Save Your Data And Beat The Heat
Server rooms and data centers are the lifeblood of any technology company. The equipment in these rooms generate very high levels of heat and must be carefully climate controlled. Excessive heat in a server room damages valuable equipment, jeopardizes communication networks, and causes data loss and costly downtime.
According to IBM, the recommended temperature for a server room is 72° F, with 45% relative humidity. Servers can tolerate temperatures in a range outside that goal (60° – 90° F), however operating with those optimum conditions in mind keeps you better prepared for unintended heat spikes.
Calculating Heat Load:
The amount of heat a server generates is known as heat gain or heat load. The heat load inside a server room is influenced by 5 different factors:
- The floor surface area
- The size, position, and coverings of the windows
- The number of room occupants
- The heat generated by equipment
- The heat generated by lighting
You can pull together a reasonable estimate of your cooling needs by using the following calculations.
Floor Surface Area
Length (m) x Width (m) x 337 = Room area BTUs
Window Size and Position
If there are no windows in your server room, proceed to the next calculation.
For Southern Hemisphere, reverse the formulas.
South facing window length (m) x south facing window height (m) x 870 = south facing window BTUs
North facing window length (m) x north facing window height (m) x 165 = north facing window BTUs
If the windows have no coverings multiply the window BTUs by 1.5
Add the window BTUs together:
South facing window BTUs + North facing window BTUs = Window BTUs
Number of occupants x 400 = Occupant BTUs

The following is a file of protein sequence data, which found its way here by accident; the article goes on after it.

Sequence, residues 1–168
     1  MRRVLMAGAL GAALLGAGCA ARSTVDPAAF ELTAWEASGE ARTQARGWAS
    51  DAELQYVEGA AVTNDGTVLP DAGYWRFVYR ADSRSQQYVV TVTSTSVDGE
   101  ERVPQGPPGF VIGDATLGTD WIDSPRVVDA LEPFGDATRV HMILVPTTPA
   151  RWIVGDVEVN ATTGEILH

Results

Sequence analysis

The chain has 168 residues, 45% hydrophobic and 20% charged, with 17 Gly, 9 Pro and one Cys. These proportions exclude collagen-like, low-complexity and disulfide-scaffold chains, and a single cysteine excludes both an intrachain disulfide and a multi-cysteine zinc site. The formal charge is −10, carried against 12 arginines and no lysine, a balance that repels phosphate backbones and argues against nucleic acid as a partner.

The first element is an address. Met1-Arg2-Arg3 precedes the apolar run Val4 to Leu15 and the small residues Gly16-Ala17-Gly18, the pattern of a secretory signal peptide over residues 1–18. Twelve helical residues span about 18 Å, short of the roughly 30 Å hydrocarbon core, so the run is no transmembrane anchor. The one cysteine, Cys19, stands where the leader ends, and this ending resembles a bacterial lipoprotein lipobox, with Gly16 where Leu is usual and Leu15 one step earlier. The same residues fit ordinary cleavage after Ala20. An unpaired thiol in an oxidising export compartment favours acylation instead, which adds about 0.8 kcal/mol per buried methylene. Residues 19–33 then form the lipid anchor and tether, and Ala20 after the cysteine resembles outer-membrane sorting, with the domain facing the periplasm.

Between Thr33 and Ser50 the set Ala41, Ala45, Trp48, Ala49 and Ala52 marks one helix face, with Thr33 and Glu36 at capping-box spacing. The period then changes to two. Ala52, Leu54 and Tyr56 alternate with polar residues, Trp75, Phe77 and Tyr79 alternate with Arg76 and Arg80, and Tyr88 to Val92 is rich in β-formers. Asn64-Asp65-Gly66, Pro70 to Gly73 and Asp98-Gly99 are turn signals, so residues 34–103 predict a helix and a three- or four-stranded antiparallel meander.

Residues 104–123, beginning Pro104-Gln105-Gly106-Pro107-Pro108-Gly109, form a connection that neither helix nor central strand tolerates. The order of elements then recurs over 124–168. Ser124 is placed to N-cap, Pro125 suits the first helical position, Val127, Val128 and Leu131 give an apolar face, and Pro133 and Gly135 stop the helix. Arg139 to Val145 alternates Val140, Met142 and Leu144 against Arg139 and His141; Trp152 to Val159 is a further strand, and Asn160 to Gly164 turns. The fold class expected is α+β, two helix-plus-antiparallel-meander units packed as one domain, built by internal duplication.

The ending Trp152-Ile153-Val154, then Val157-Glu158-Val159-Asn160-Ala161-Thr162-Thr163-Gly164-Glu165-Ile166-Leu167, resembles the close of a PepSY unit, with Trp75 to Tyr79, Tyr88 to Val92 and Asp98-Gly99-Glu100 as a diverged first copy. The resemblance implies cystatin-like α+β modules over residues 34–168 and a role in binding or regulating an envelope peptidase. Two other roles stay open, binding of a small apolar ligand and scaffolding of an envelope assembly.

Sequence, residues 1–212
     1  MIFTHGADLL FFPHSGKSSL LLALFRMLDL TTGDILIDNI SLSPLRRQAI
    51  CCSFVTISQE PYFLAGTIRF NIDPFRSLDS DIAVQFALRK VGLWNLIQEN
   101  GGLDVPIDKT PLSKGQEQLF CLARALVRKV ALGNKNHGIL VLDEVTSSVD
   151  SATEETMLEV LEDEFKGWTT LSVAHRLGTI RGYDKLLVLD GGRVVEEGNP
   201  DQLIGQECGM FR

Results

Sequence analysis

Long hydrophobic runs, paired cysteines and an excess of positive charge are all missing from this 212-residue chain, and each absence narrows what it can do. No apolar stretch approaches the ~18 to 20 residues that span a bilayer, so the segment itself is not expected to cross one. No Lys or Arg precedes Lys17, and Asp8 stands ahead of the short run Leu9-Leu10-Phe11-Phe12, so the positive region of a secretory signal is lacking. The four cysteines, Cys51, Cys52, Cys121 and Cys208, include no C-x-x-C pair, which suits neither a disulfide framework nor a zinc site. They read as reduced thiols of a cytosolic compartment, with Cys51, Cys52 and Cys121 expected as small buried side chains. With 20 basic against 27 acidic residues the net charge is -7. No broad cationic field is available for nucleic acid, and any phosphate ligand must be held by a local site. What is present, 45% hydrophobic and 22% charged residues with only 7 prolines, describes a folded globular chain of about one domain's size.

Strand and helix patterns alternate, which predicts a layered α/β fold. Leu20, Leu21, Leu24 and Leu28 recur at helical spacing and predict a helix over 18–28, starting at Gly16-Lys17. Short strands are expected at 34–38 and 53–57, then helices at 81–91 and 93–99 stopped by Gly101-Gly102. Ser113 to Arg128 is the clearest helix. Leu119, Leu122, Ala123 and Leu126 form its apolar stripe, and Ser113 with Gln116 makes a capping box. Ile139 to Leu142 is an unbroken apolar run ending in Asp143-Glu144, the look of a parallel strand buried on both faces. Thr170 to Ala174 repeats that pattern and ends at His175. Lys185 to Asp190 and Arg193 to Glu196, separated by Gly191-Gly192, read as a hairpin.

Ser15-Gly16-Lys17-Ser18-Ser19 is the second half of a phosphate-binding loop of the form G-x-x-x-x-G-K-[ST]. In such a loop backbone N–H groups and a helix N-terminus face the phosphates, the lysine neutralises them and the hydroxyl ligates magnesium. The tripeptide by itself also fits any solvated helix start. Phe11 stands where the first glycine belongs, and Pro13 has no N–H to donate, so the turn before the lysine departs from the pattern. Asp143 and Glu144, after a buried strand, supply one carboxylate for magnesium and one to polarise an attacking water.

The wattage listed on a piece of equipment is its maximum power output, but it is better to overestimate rather than under estimate.
Add together the wattage for every piece of equipment: servers, routers, etc.
Total wattage for all equipment x 3.5 = Equipment BTUs
Add together the wattage for every light fixture.
Lighting wattage X 4.25 = Lighting BTUs
Total Heat Load = room area BTUs + window BTUs + occupant BTUs + Equipment BTUs + lighting BTUs
These calculations can give you a rough guide to your cooling needs. A cooling audit of your server room will provide you with the most accurate information.
Keeping Your Server Room Cool
Residential AC units generally cannot run 24/7/365 without breaking down, and are not a reliable solution for server room cooling.
Re-designing the layout of your server room to accommodate bulky, built in cooling units is expensive and disrupts the usability of your servers. Strategically placing portable server coolers is an easy way to remove heat exactly where it needs to be removed.
North Slope Chillers Solutions
Portable server coolers from North Slope Chillers have a wide range of cooling capacities.
Contact us to find the right server cooling solution for your needs:
(866) 826-2993 [email protected]